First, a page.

Friday, August 29, 2014

License cyclists

    No driver wants to hit a cyclist and no cyclist ever wants to be hit. Educating and licensing cyclists could build on this common ground and improve road safety in our communities as the world becomes ever more crowded.
    No summer goes by in the Sun Valley area that drivers don’t see cyclists riding unsafely or cyclists don’t experience drivers that express a desire that cyclists not ride in traffic.
    Personal preferences aside, cyclists have a right to ride on streets and most highways, but they must obey traffic laws. They may legally ride within a lane of traffic. That’s just one thing about traffic laws and safe operating methods that lots of drivers apparently don’t know.
    On the flip side, some cyclists ride as though they are exempt from traffic laws, not to mention the laws of physics. Some cyclists fail to signal lane changes, zip precariously between cars, ride against traffic, or fail to yield at stop signs when they arrive after another vehicle.
    Idaho licenses everyone from hunters to hairstylists, and cyclists should be no exception. For a small fee, licenses could be issued by the Department of Motor Vehicles or by retailers after cyclists complete a questionnaire. Licensing could achieve the real goal of all the “Share the Road” signs in that everyone would be operating from the same rule book.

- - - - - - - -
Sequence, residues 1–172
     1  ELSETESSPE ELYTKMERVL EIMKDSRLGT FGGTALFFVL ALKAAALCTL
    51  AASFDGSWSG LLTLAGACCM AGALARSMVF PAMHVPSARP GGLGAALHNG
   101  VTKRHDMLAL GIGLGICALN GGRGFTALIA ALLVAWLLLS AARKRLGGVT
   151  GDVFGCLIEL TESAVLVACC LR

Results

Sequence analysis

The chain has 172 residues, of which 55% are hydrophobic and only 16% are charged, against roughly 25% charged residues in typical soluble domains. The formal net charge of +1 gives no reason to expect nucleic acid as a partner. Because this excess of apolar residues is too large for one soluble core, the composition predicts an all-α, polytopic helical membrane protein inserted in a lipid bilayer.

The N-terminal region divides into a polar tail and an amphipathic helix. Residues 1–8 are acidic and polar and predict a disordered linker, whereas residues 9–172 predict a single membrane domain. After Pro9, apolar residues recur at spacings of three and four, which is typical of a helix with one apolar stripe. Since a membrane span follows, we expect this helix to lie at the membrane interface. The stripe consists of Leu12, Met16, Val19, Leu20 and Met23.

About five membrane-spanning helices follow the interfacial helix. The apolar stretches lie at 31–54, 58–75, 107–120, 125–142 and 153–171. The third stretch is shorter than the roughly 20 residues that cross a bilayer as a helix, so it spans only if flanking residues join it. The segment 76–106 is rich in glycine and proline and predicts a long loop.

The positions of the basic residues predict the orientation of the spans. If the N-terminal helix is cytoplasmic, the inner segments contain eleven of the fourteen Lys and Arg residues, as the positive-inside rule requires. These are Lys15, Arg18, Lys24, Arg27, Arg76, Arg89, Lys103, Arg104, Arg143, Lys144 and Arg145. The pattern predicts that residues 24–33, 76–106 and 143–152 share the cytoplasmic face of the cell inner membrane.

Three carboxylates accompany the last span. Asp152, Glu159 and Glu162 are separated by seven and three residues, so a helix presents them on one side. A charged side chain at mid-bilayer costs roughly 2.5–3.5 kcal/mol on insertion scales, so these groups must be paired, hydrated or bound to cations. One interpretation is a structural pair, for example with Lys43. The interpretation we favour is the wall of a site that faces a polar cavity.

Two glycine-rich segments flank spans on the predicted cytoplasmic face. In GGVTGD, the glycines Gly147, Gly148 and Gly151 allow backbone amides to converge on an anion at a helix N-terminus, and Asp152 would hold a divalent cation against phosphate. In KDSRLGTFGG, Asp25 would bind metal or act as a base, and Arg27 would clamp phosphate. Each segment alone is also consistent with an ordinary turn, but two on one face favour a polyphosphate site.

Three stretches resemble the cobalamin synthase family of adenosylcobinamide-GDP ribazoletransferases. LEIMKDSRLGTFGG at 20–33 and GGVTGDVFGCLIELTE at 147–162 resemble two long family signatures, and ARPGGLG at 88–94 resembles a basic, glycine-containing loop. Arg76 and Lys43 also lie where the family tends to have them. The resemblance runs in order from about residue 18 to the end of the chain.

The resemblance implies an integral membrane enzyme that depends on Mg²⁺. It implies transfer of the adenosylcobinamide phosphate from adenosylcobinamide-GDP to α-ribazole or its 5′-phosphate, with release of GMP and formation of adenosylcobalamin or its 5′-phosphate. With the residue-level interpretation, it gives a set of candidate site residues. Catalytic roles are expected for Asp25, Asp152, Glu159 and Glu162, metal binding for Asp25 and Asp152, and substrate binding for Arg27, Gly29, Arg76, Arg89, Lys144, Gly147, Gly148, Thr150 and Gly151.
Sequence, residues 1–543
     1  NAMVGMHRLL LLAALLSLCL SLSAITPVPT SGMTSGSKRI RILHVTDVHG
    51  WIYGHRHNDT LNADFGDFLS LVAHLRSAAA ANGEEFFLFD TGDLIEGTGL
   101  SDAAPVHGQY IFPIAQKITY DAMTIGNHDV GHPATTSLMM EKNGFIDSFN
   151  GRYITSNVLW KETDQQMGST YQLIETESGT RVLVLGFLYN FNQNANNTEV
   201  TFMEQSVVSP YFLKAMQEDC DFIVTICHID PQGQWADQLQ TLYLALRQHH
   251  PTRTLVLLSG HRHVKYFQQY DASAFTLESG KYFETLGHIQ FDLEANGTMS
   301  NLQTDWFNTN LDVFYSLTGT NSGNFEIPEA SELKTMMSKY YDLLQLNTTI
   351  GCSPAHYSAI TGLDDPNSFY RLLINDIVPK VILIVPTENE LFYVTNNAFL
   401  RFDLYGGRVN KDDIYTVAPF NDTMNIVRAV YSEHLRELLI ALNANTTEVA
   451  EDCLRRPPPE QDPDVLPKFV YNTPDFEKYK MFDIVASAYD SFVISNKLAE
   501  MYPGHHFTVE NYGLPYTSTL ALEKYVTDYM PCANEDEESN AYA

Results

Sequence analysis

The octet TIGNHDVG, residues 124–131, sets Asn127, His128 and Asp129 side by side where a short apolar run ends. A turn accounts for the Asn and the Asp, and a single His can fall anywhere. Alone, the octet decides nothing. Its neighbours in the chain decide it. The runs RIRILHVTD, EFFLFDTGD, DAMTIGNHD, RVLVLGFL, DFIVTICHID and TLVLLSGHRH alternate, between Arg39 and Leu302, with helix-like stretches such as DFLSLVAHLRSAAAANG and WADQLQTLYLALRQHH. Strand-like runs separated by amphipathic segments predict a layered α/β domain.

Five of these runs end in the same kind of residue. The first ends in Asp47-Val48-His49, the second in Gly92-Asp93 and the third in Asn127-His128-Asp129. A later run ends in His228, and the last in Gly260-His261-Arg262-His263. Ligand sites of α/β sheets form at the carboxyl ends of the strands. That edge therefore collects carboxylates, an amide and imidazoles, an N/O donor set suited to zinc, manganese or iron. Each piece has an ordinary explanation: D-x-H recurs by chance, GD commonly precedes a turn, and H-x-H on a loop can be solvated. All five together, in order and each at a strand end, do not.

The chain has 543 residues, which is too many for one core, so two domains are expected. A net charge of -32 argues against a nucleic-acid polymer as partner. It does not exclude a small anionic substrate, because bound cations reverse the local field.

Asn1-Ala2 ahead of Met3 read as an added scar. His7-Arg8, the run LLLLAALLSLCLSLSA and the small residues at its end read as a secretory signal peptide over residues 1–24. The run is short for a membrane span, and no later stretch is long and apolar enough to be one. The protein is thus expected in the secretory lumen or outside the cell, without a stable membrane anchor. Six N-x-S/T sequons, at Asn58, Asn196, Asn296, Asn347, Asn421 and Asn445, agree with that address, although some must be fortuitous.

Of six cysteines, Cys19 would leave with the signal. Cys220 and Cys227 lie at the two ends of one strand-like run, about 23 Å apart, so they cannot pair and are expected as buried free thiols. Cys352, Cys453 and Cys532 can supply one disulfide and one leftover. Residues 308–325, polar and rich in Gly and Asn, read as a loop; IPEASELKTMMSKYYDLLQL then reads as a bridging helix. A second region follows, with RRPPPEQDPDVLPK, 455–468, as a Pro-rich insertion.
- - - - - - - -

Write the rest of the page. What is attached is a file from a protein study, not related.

Cyclists and drivers should be required to periodically demonstrate that they understand the rules of the road. Over the years, road and intersection designs change, traffic laws change and everyone who operates vehicles on them should learn and acknowledge the changes.
    If we really want a world in which non-motorized transportation is a good option for commuting and recreation, we must figure out ways for drivers and cyclists to co-exist safely and happily.
    Licensing would be a good start.

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